This Texas Family Has 14 Rescue Dogs — So They Had To Stay When The Hurricane Hit
"I could not think of being separated from my dogs. We had to do whatever it took to survive here."
Lisa First and her husband Jesse Cadena have so many rescue dogs — 14 at the moment, though there are often fosters, too — they refer to their home as Camp Chaos.
"They are all Houston street dogs and each of them has a story," First tells The Dodo. "They are a very special bunch of misfits that are always welcoming foster dogs into their home. We have a lot of fun every day."
During normal times, there's a lot of playing with tennis balls and going out to the pond for swims.
Only usually it's because swimming is what they want to do — not because they have no other choice.
The family lives in Galveston County, Texas, and were hit hard by Hurricane Harvey beginning on Friday afternoon.
By 2 a.m. on Sunday, First says, her street was completely underwater. Camp Chaos was also heading in that direction, with water rising inside the house.
"The only places that were dry were our beds and the tables. We slept all together on the bed and couches," First says.
For about three days, the family was trapped, occupied with keeping themselves and their dogs safe, and trying to preserve their most precious personal effects.
This meant doing things like kayaking in their yard — normally grassy, not a body of water — looking for pieces of a broken propane tank, with dogs propped on the rear of the vessel.
Luckily, they'd prepared well, and had enough food and water to get through.
Plus neighbors whose homes weren't flooded made big hearty meals like macaroni and cheese, "and walked them over in chest high water so we could have a hot meal," First says. "We are so lucky."
Eleven of the dogs held up just fine, throughout. One, an 18-year-old named Hot Dog, whom First rescued from a dumpster when he was just a tiny pup, carried his favorite ball while wading around the house — as if nothing strange was going on at all.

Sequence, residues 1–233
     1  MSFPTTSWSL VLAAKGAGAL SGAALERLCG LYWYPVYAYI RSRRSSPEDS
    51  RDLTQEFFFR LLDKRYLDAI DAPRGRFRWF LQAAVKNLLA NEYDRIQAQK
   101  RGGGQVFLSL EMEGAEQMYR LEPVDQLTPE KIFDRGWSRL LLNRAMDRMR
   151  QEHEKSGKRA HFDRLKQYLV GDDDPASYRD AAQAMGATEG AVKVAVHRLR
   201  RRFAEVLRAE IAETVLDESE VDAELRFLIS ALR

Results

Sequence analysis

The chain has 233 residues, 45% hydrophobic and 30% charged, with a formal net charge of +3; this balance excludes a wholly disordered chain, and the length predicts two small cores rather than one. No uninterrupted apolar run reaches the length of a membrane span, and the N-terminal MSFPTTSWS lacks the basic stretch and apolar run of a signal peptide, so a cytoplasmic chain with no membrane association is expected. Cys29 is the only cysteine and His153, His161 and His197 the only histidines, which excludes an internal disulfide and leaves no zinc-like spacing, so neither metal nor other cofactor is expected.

That was comforting, since "in the worst of times it's the smallest things that matter," First says.
But it was a rough period, for all the terrible reasons you would expect and for some you might not.
First and her husband take in a lot of dogs who've had very hard lives. That includes their fosters and their permanent dogs. Most eventually settle nicely into their new lives as spoiled pets.
One, Professor Pinto, is now an education ambassador with the group Barrio Dogs — he works with kids in some of Houston's poorest neighborhoods, helping teach them about animal care and safety, and participating in a reading program. First says proudly that he is "a rock star everywhere he goes."
Three of the dogs, however, have remained extremely fearful. "They just live within our yard and walls and are so happy" normally, First says — but the water and changes to their routines set them on edge.
"They were so terrified," First says.
People kept telling First to evacuate, but she didn't feel that was a realistic option even though the situation grew more and more dire.
Finding a place to go with 14 dogs at any time would be hard. In the flood, with three of the dogs going through emotional trauma — that seemed impossible. There was no chance First and her husband were leaving without them.
"I could not think of being separated from my dogs. We had to do whatever it took to survive here," she says. "I don't think of my pets as disposable — my pets are part of me. My entire life revolves around them."
First knows for her family, it could have been so much worse, in so many ways. Just one in particular, is that she and her husband had been fostering another special needs dog up until Wednesday of last week.
That dog would have been a wreck in the floods, but got adopted, just in time, by a wonderful family in Boston.
"Thank God. He would have been so terrified," First says. "Funny how things work."
Early Wednesday morning, the rain broke. The floods began to subside.
Things are not back to normal, and likely will not be for a very long time. But First and her husband have begun throwing out their wet things. They've started preparing for what's next.
For the first time in days, First could see some grass again; you no longer needed a boat to get around the yard of Camp Chaos.
First and the dogs got to go outside and walk, not swim. Being able to do that felt like hitting the lottery, she says. Even the three terrified dogs started seeming like themselves again.
"They know this isn't their normal routine," she says. "But they are happy."